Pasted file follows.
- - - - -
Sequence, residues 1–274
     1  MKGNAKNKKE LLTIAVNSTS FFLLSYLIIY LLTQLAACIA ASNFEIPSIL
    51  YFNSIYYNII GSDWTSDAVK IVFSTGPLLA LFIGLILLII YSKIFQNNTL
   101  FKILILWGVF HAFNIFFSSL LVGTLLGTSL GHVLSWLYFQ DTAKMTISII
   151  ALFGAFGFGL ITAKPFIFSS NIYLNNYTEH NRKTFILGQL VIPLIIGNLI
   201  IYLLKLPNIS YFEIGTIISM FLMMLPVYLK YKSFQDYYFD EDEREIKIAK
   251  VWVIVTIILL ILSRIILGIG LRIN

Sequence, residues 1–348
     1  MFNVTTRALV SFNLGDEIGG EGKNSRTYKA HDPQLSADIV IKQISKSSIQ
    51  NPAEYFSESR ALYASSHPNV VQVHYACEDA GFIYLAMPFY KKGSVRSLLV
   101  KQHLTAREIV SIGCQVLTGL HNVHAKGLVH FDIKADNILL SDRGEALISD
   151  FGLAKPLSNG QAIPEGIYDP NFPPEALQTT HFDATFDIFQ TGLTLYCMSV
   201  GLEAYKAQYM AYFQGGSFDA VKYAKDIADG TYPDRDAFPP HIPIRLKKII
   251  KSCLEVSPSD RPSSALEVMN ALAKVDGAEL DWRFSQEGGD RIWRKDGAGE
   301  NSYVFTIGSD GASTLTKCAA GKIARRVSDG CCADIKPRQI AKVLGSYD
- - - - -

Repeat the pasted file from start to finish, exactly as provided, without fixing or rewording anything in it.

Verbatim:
Sequence, residues 1–274
     1  MKGNAKNKKE LLTIAVNSTS FFLLSYLIIY LLTQLAACIA ASNFEIPSIL
    51  YFNSIYYNII GSDWTSDAVK IVFSTGPLLA LFIGLILLII YSKIFQNNTL
   101  FKILILWGVF HAFNIFFSSL LVGTLLGTSL GHVLSWLYFQ DTAKMTISII
   151  ALFGAFGFGL ITAKPFIFSS NIYLNNYTEH NRKTFILGQL VIPLIIGNLI
   201  IYLLKLPNIS YFEIGTIISM FLMMLPVYLK YKSFQDYYFD EDEREIKIAK
   251  VWVIVTIILL ILSRIILGIG LRIN

Sequence, residues 1–348
     1  MFNVTTRALV SFNLGDEIGG EGKNSRTYKA HDPQLSADIV IKQISKSSIQ
    51  NPAEYFSESR ALYASSHPNV VQVHYACEDA GFIYLAMPFY KKGSVRSLLV
   101  KQHLTAREIV SIGCQVLTGL HNVHAKGLVH FDIKADNILL SDRGEALISD
   151  FGLAKPLSNG QAIPEGIYDP NFPPEALQTT HFDATFDIFQ TGLTLYCMSV
   201  GLEAYKAQYM AYFQGGSFDA VKYAKDIADG TYPDRDAFPP HIPIRLKKII
   251  KSCLEVSPSD RPSSALEVMN ALAKVDGAEL DWRFSQEGGD RIWRKDGAGE
   301  NSYVFTIGSD GASTLTKCAA GKIARRVSDG CCADIKPRQI AKVLGSYD